A friend told The Associated Press that Wong was ethnically Chinese but from Vietnam. He was unmarried and lived with his mother, father and sister, the chief said. He had been taking classes until last month at the center where he committed the massacre, called the American Civic Association. Wong had a permit for the two handguns he used, Zikuski said. Most of the victims had multiple gunshot wounds, he said. Investigators said they had yet to establish a motive for the shooting.
Friends told the New York Daily News that he was a rage-filled loner who hated America and had an affinity for guns. He had a strong contempt for the United States and dreams of assassinating the president, said former Shop-Vac co-worker Kevin Greene. "I asked him if he liked the Yanks," Green told the newspaper, explaining the question was prompted by a New York Yankees T-shirt Wong was wearing. "He said, No I don't like that team. I don't like America. America sucks."
Greene worked with Wong at the Shop-Vac assembly plant in town until it shut down in November, the News reported. He used to joke with co-workers about Wong's fury, the paper said, and he told FBI investigators there was banter about how their angry fellow employee might "come in mad one day and shoot people. He seemed like that kind of a guy." Another former Shop-Vac worker, Donald Ackley, said Wong was often by himself but would make bizarre comments "like he wanted to kill the president." It wasn't clear whether he was referring to President Bush or President Obama.
In April 2009, AP and FoxNews.com reported: On the day of the massacre :Wong — wearing a green nylon jacket and dark-rimmed glasses — barricaded the American Civic Association community center's back door with his car, walked in the front and started shooting with two handguns. The killer carried identification bearing the name Jiverly Voong. Within minutes, 13 people, including a receptionist and immigrants taking a citizenship class, as well as the gunman were dead. [Source: AP, FoxNews.com, April 4, 2009]
Another receptionist, 61-year-old Shirley DeLucia, played dead after she was shot in the abdomen and called the emergency dispatcher to get police to the scene within two minutes. Zikuski said the injured receptionist stayed on the phone for 39 minutes, "feeding us information constantly," despite a serious wound in the abdomen. "She's a hero in her own right," he said.
DeLucia was in critical condition at a hospital, along with another victim in the same condition and a third in serious condition. A fourth victim was in stable condition at another hospital. Thirty-seven others made it out, including 26 who hid for hours in a basement boiler room while police tried to determine whether the gunman was still alive and whether he was holding any hostages, Zikuski said.
Wong was found dead in an office with a self-inflicted gunshot wound, a satchel containing ammunition slung around his neck, authorities said. Police found two handguns — a 9 mm and a .45-caliber — and a hunting knife. A woman who answered the phone at a listing for Henry D. Voong said she was Jiverly Voong's sister but would not give her name. She said her brother had been in the country for 28 years and had citizenship.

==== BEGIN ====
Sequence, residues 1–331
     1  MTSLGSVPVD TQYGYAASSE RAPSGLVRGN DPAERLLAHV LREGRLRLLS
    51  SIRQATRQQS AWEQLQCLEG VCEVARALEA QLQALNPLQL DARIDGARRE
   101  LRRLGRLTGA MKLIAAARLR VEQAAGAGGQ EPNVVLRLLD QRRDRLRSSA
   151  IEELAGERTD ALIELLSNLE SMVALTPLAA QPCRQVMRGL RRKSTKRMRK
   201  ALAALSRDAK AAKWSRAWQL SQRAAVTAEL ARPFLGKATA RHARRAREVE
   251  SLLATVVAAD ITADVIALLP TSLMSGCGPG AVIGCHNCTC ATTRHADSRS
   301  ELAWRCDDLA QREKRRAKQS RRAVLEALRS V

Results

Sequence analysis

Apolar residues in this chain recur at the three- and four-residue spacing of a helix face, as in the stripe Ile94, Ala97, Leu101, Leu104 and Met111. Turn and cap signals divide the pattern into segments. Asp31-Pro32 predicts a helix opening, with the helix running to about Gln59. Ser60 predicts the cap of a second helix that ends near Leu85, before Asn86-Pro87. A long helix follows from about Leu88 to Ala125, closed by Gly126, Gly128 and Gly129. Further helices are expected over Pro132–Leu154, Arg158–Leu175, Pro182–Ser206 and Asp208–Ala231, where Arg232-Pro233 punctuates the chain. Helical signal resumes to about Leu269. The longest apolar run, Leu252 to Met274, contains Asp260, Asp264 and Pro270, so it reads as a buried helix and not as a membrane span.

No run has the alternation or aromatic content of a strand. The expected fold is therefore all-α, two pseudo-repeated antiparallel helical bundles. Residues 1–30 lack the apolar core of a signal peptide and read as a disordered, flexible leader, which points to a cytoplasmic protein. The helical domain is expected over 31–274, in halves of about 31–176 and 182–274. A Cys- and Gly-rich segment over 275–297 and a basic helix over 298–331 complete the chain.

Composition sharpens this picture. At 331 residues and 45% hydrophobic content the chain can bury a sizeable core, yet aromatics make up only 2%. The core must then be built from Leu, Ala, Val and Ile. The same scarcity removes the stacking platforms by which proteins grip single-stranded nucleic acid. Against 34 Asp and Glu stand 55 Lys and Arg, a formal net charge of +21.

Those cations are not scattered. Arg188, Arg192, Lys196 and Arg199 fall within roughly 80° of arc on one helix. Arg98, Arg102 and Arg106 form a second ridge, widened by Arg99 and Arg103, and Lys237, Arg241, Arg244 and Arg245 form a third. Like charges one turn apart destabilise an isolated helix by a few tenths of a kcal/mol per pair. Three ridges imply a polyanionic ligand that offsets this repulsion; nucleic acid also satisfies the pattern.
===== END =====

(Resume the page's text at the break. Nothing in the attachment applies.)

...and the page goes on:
The attack at the American Civic Association, which helps immigrants settle in this country, came just after 10 a.m. as people from all over the globe — Latin America, China, Kazakhstan, Vietnam, Africa — gathered for English and citizenship lessons in an effort to become a bigger part of their new home. Wong parked his car against the back door before barging through the front and opening fire, apparently without saying a word. He then entered a room just off the reception area and fired on a citizenship class while terrified people scrambled into a boiler room and a storage room.
Abdelhak Ettouri, a Moroccan immigrant who lives in nearby Johnson City, told the Binghamton Press & Sun-Bulletin he found the back door locked when he tried to flee, then ran to hide in the basement as he heard 12 to 14 shots: "Tak-tak-tak-tak." Hoi Nguyen of Binghamton said his 36-year-old daughter Phuong Nguyen, who survived the massacre, was taking an English class in the basement when the gunfire started. "She said it sounded like a firecracker and everyone in the class was startled," he said. "Then the teacher locked the door, called the police, then told everyone they couldn't leave the room." Police arrived in minutes, heard no gunfire and waited for about an hour before entering the building to make sure it was safe for officers. They then spent two hours searching the building. They led a number of men out in plastic handcuffs while trying to sort out victims from the killer or killers.
Text Sources: Encyclopedia of World Cultures, East and Southeast Asia edited by Paul Hockings (G.K. Hall & Company, 1993); New York Times, Washington Post, Los Angeles Times, Times of London, Lonely Planet Guides, Library of Congress, Vietnamtourism. com, Vietnam National Administration of Tourism, CIA World Factbook, Compton’s Encyclopedia, The Guardian, National Geographic, Smithsonian magazine, The New Yorker, Time, Newsweek, Reuters, AP, AFP, Wall Street Journal, The Atlantic Monthly, The Economist, Global Viewpoint (Christian Science Monitor), Foreign Policy, Wikipedia, BBC, CNN, Fox News and various websites, books and other publications identified in the text.
© 2008 Jeffrey Hays
Last updated May 2014